The Beulah Robinson legal trail approaches the land from the west via Chateauguay Road, providing a recreational trail approach to the property with permission from Robinson.
Historically, the property was known as the Caswell Farm; most of the land was used for agricultural purposes starting in the early 1800s.
Most of the land is gently sloping with terrain becoming steeper in its northeast quadrant. Aspect is westerly and soils are largely well drained, with the exception of some sites in the west along the stream that bisects the land.
Elevation ranges from 1,600’ ASL (above sea level) in the west where the stream leaves the property to 2,260’ ASL at the eastern boundary where the land falls just short of a mountain ridge. The Appalachian Trail runs along this ridge just 0.9 miles to the north, providing easy access to this national treasure. The popular Lookout and an overnight cabin is along this trail nearby.
Timber data in this report are based on a timber inventory conducted in the fall of 2018. Upon adding growth for the 2019 and 2020 growing seasons, the data reveal a total sawlog volume of 1,078 MBF International ¼” scale (5.0 MBF/acre) and 2,239 pulpwood cords (10.4 cords/acre). Combined total per acre volume is 20.4 cords, a figure in line with the regional average. Stumpage values were assigned to the volumes in March of 2019, producing a property-wide Capital Timber Value (CTV) of $275,000 ($1,273/total acre).
A species composition dominated by hardwoods prevails, with hardwoods at 83% and softwoods at 17% of total volume. Species composition for all products combined offers a favorable mix and is led by sugar maple at 49% of total volume, with other common associates making up the balance, including red spruce at 16%. The sawlog volume breakdown consists largely of species with historically strong demand, dominated by sugar maple and red spruce.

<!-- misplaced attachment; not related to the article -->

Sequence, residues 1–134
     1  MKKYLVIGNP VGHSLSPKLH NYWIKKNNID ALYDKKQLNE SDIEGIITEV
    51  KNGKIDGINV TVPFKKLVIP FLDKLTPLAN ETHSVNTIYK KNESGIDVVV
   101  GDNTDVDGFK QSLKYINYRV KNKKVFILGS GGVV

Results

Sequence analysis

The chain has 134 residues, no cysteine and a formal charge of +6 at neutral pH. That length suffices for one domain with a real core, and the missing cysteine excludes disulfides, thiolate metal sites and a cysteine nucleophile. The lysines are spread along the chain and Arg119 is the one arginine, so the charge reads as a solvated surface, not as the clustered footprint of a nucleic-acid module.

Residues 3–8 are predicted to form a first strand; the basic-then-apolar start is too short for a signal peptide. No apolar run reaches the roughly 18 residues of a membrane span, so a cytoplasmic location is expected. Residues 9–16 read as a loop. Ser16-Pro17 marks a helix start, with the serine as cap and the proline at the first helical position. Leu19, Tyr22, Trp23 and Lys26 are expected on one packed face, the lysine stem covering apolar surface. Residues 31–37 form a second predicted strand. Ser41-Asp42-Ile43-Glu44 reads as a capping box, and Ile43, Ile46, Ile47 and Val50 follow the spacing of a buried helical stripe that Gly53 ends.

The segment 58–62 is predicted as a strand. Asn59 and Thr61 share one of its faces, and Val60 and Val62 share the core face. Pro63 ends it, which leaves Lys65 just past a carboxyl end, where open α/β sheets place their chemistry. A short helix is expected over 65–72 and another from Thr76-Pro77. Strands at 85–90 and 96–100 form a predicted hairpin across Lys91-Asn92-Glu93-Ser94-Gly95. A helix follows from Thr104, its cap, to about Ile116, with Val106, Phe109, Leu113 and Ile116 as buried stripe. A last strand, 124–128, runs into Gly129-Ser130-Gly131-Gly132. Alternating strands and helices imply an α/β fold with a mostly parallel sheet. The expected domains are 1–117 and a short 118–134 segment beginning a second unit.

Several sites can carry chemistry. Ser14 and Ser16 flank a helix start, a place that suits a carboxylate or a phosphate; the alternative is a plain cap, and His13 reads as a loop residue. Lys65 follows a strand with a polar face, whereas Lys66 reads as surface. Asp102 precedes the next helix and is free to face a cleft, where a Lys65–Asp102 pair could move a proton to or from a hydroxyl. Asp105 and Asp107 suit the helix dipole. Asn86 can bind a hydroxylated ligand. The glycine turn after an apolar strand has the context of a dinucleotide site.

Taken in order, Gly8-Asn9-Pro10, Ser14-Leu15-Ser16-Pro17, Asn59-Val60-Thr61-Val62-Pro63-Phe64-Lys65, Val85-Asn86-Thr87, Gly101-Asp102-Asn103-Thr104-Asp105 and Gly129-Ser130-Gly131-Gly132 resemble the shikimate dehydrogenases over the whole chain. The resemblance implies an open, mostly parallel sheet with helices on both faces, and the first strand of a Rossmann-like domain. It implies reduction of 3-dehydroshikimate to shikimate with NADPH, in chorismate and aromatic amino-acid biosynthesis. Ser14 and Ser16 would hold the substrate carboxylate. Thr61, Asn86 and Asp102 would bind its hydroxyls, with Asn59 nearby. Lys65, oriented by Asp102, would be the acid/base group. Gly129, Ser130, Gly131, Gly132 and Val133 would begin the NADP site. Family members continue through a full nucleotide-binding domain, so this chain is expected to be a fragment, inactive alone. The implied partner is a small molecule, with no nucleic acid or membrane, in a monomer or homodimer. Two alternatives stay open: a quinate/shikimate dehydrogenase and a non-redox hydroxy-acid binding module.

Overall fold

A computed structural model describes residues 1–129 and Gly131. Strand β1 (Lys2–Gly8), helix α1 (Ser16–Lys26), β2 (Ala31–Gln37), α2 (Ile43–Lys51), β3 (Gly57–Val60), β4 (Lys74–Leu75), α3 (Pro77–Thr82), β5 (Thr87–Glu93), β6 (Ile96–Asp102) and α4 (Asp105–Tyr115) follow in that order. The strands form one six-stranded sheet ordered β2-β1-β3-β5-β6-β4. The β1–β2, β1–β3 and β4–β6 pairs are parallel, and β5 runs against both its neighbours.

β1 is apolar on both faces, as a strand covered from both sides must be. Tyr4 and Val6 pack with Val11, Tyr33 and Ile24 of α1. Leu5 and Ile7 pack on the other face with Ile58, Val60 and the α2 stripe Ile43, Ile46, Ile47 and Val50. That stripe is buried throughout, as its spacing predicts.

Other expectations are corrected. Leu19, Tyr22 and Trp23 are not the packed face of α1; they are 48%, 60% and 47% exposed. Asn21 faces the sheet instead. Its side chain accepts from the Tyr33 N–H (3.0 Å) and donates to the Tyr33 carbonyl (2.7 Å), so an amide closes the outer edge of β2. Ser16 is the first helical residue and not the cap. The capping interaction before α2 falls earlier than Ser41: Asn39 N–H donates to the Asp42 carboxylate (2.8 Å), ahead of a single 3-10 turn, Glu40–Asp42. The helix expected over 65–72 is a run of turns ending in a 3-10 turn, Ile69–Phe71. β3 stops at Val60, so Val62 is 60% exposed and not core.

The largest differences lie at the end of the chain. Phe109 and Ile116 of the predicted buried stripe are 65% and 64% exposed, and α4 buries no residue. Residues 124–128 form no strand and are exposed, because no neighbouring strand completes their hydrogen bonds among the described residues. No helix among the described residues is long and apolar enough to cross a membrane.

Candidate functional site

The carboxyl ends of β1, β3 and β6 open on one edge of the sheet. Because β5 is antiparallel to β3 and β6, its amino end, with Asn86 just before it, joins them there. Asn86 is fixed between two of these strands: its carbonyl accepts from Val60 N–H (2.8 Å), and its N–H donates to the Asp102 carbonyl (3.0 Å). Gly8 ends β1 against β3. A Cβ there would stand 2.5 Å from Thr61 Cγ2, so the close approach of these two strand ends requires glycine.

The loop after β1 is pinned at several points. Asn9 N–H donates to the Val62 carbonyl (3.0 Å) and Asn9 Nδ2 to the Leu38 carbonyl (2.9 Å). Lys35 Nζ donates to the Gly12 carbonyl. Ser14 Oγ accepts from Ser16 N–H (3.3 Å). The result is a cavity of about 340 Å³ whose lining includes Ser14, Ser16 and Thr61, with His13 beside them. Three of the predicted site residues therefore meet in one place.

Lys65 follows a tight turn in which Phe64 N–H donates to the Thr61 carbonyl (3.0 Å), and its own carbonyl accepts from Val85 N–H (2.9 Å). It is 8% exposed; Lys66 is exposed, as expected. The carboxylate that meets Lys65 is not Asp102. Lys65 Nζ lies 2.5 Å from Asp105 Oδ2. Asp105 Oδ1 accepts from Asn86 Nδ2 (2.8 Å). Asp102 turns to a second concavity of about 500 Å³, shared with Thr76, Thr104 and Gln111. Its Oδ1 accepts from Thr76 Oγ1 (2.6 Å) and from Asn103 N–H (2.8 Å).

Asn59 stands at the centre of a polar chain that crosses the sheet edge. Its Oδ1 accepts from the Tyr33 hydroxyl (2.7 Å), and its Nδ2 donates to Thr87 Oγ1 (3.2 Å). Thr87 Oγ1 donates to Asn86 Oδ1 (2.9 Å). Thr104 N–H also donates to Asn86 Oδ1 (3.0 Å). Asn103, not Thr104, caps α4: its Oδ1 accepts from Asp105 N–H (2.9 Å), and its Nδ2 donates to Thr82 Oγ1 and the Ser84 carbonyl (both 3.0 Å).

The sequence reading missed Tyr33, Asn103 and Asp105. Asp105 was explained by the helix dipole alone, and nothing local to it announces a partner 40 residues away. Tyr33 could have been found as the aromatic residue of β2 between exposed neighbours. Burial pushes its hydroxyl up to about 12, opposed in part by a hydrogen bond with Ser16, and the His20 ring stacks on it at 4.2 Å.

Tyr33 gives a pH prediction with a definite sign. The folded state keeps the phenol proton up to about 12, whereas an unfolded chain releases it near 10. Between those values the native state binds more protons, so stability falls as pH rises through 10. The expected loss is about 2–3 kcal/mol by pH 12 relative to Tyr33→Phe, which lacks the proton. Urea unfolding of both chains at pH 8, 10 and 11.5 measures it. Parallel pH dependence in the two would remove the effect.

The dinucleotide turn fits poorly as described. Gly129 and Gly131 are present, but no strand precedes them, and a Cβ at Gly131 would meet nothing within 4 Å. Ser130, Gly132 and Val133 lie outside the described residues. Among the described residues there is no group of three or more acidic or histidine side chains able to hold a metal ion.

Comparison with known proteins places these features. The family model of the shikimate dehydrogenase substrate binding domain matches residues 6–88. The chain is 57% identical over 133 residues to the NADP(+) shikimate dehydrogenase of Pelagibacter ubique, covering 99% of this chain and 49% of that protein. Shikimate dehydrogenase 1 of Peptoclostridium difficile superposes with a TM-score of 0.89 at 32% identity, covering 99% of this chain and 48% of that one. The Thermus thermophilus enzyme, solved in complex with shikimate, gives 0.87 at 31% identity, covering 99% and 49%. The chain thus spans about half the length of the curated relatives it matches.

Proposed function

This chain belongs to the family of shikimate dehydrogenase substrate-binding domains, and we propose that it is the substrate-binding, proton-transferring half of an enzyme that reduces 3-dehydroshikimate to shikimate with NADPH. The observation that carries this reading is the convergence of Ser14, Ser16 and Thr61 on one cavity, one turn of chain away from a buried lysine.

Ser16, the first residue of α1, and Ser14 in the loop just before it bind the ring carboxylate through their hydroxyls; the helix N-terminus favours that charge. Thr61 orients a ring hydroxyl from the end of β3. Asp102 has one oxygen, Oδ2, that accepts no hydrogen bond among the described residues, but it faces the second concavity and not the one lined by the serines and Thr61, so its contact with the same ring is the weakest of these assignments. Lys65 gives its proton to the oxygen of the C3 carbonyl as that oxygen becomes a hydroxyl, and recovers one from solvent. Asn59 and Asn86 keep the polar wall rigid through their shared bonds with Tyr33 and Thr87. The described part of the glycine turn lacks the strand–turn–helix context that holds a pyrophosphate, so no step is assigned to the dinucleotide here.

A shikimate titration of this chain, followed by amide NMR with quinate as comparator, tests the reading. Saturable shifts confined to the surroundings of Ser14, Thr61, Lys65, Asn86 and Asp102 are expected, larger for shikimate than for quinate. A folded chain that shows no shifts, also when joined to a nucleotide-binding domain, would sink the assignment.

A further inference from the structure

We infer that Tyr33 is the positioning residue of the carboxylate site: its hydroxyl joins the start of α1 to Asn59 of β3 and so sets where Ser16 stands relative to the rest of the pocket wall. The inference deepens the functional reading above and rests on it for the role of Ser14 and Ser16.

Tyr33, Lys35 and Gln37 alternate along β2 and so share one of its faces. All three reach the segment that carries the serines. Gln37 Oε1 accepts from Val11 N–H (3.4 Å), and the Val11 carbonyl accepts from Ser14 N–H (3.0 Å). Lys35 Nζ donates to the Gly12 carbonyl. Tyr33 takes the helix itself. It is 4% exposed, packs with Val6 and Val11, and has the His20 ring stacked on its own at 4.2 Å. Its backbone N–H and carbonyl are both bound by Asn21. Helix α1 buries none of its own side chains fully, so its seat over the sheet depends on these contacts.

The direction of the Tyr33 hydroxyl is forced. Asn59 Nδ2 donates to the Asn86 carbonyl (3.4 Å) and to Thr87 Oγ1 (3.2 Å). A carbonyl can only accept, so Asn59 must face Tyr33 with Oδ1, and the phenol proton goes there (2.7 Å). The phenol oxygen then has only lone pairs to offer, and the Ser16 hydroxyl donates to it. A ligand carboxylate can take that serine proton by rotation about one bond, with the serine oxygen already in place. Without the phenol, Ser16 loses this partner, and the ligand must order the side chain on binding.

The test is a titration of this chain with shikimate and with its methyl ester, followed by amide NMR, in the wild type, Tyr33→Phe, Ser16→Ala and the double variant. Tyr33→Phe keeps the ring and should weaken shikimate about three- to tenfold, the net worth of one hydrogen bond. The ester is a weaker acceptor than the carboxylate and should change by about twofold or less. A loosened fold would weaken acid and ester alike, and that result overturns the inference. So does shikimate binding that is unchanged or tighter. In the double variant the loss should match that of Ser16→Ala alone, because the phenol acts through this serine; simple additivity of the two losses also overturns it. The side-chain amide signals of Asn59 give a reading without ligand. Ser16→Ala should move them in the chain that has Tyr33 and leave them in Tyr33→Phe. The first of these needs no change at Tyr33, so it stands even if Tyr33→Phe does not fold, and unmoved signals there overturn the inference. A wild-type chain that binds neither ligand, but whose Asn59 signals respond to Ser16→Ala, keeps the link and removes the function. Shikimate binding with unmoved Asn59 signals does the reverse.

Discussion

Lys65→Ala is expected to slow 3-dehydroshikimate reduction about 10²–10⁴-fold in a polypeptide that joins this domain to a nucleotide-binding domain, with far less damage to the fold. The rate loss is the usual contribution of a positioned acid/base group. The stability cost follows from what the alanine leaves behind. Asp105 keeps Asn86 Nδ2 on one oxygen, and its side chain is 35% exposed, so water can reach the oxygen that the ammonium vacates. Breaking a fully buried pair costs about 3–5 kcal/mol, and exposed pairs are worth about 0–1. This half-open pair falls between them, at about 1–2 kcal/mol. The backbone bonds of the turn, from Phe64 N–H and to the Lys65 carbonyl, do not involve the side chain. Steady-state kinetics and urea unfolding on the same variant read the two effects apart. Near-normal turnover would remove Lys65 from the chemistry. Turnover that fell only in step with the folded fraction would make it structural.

Overall, forest stocking is variable, with primarily ideally-stocked conditions in all areas. Natural regeneration has become fully established in areas where group clearcuts and thinning have previously occurred.
Average Basal Area (BA) is 90 sq ft on 166 stems/acre. The Acceptable Growing Stock BA is 66 sq ft, indicating very good stem quality that fully occupies the site. On the upper, well-drained sites, the hardwood resource is particularly well suited to the soil composition, producing current and future veneer quality stems.
Average diameter for all products combined by volume is 13.5”, while the average sawlog diameter is 14”. Average diameters for the three major species are sugar maple 15.5”, white ash 16.5” and spruce/fir 10.5”. Financial maturity for most hardwood sawlog species is 18-24”; therefore, the maple is within 20-35 years of generating considerable income. The white ash is financially mature, representing near-term income.
The seller is retaining an option over the next 10 years to acquire a conservation easement covering the property from the new owner. This Option will allow the seller to purchase a conservation easement at a value of 75% of the fair market value of the conservation easement (based on appraised value) at the time the option is exercised. This Option offers the new owner an active partner who will work to secure the necessary funding to purchase the easement, providing an alternative revenue source during their ownership tenure.
During the 10-year option term, the owner shall maintain the land’s enrollment in the Use Value Appraisal program in good standing and not develop or subdivide the land unless mutually agreed upon with the option holder.
A copy of the Option Agreement is available upon request.